Coming up with a device testing strategy
On my current project I’m in charge of both manual testing the app on iOS and Android as well as maintaining two separate automation suites for iOS and Android (when I joined the team I had to overhaul each suite as the app was rebuilt).
In this blog post, I will share my device testing strategy for testing new features (manual testing) and what guides it:
What must be supported?
Our client has communicated with us their expectation around what OS versions and devices must be supported. In our project, “support” means, the app is expected to render well and work on the OS versions and devices stated. We will check these OS versions and devices.
If we do not support something, it does not mean we prevent a user from installing the app on their device - it’s just we don’t guarantee it will work.
How does this affect my device testing strategy?
Given the fact my time is very limited (as I also have two automation suites to maintain), I only focus on what we do support and don’t make any attempts to look at older devices etc to see how things render there. We have also made sure to communicate this to the client.
I don’t check every little thing on every single device we support - as I don’t have time. But I do make some assumptions.
- The highest risk lies in the oldest devices (and presumably the slowest/smallest) and the newest OS versions
- Certain groups of devices have similarities so I can group them together and not have to test each and every one of the devices in that group (For more on equivalence partitioning, go here)
Coming up with a priority order
Based on discussions with my team and the device requirements that we have from our client, we also communicate the priority order for device testing. This means, if we run out of time for testing, then we can ensure that higher priority devices (i.e. devices with higher risk) are covered.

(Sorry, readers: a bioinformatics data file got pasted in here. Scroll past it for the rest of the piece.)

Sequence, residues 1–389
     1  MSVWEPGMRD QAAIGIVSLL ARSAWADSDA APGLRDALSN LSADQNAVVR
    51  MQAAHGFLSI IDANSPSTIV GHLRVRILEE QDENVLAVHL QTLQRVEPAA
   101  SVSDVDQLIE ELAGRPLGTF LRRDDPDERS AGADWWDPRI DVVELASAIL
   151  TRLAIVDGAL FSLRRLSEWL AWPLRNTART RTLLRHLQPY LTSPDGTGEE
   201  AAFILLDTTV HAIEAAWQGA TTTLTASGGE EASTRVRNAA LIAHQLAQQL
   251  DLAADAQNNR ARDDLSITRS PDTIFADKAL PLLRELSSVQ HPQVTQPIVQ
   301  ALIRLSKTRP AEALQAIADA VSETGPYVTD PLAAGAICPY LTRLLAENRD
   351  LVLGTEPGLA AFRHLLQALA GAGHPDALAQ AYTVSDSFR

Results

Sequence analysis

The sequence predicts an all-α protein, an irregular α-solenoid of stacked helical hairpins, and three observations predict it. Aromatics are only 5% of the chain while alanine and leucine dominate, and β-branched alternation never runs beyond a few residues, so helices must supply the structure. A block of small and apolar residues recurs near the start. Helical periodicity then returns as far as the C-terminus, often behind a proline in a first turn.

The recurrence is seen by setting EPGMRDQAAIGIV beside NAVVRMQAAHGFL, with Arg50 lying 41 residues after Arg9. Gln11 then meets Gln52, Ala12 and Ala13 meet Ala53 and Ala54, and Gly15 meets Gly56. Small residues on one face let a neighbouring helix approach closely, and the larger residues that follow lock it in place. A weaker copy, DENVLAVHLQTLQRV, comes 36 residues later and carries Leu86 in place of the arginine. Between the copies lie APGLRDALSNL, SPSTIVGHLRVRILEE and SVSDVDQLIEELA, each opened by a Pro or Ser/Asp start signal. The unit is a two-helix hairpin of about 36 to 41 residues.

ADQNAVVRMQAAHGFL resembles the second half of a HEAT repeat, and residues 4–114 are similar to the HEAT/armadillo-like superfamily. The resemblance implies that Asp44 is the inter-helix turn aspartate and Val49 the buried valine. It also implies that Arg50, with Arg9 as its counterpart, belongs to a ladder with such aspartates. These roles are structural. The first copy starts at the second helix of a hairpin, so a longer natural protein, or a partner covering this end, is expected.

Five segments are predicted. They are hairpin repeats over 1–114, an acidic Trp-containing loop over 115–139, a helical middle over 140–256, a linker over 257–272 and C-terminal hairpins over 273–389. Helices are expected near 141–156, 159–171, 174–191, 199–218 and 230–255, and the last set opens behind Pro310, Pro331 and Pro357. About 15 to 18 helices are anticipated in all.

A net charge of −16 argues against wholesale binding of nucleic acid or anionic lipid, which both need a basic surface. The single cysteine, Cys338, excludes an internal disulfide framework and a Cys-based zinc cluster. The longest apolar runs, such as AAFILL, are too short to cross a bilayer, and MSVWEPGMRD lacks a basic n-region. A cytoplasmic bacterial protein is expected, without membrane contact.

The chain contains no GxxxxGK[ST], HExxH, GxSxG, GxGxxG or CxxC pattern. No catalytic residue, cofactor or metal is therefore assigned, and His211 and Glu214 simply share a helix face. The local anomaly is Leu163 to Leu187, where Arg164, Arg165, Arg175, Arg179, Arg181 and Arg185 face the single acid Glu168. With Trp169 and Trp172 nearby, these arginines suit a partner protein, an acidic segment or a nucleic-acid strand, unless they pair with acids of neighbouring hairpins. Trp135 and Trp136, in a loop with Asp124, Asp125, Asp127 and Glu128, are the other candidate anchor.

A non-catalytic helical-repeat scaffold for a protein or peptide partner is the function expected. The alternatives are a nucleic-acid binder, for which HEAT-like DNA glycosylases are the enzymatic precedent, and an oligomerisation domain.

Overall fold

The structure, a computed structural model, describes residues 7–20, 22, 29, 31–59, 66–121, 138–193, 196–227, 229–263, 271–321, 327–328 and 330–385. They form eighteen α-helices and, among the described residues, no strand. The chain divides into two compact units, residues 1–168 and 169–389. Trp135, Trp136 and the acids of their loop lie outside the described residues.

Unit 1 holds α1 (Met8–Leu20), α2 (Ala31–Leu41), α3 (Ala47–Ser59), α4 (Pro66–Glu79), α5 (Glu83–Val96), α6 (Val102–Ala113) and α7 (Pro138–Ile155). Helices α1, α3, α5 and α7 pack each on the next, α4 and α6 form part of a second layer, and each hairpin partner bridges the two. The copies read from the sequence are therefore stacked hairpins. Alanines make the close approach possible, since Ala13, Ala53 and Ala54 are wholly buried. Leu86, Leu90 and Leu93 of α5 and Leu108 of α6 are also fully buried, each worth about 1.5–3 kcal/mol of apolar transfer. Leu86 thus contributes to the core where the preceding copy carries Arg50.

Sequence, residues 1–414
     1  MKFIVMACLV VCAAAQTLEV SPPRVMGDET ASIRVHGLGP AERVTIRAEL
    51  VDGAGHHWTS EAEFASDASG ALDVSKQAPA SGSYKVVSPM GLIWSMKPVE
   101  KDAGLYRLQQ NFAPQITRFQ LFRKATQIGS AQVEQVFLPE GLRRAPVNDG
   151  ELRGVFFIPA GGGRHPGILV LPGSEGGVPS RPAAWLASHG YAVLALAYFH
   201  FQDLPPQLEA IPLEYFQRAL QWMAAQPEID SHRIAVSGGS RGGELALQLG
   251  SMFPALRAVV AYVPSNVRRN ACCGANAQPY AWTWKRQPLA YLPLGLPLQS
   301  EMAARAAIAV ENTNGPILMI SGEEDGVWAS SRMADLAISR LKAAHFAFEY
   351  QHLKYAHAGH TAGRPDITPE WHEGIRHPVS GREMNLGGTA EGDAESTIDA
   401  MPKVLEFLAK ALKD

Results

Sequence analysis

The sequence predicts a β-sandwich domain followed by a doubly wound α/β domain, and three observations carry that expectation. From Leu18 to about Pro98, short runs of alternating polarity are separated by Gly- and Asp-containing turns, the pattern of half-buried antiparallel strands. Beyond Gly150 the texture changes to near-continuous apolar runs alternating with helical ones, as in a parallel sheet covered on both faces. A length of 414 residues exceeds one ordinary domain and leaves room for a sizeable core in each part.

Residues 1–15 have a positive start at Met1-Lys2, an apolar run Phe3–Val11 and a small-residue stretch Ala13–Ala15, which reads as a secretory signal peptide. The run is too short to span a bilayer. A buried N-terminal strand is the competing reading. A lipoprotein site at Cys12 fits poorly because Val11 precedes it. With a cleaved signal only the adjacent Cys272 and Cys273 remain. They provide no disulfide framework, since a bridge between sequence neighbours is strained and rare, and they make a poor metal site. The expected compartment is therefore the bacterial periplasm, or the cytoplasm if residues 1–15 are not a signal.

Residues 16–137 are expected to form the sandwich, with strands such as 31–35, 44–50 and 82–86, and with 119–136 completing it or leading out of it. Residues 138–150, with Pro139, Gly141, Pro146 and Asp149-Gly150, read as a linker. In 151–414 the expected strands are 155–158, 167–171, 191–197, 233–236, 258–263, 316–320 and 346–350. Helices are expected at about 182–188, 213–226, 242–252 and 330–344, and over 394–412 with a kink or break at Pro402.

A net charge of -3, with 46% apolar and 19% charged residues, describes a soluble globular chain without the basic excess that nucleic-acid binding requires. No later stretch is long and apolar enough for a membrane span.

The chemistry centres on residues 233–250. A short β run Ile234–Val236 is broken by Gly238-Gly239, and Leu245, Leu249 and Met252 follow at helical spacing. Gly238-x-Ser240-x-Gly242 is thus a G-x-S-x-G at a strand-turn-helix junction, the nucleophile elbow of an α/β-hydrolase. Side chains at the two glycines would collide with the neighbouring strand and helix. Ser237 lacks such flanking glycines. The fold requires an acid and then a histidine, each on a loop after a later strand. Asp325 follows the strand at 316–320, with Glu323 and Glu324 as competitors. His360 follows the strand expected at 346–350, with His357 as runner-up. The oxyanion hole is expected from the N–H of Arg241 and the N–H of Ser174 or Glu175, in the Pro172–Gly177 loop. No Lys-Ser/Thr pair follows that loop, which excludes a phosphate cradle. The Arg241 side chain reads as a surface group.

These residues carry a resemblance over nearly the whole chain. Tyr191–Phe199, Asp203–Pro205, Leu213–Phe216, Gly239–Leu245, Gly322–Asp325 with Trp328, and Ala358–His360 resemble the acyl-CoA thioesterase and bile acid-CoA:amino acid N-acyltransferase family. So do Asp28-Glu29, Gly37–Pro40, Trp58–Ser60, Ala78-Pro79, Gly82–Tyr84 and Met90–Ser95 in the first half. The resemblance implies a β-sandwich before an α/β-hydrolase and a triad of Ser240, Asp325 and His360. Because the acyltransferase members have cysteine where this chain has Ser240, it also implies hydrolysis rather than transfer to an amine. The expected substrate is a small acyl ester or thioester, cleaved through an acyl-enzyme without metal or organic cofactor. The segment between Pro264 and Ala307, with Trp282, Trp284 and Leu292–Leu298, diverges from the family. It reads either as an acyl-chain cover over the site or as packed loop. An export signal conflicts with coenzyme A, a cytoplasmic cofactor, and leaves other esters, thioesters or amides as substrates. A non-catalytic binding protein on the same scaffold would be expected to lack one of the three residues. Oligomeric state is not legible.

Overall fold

If possible, I think it’s also good to get access to device usage of your customers (so you can target your testing on devices that are most used by customers - this information would be very valuable input).
Getting input from the developers
Our team is full of experienced developers who are very familiar with their domain (be that Android or iOS). I like to get testing ideas and a better understanding of where risks can lie for various devices from them. Any input from the developers doesn’t dictate how I will perform my testing, but I do want to make informed decisions when it comes to device testing - their input enables that.
Communicating my device testing strategy:
Documenting on confluence and writing on my testing notes for features what devices I performed my tests on and which tests were performed.
If time and budget allowed I would probably look into setting the test automation suites to run on a service that ran the tests on various devices. At the moment I’ve only got the Espresso tests in the CI/CD and am in the process of setting up the XCTests in the CI/CD (they are currently being run locally).
Photo by Obi Onyeador on Unsplash
Follow me on Twitter: @NicolaLindgren#Testing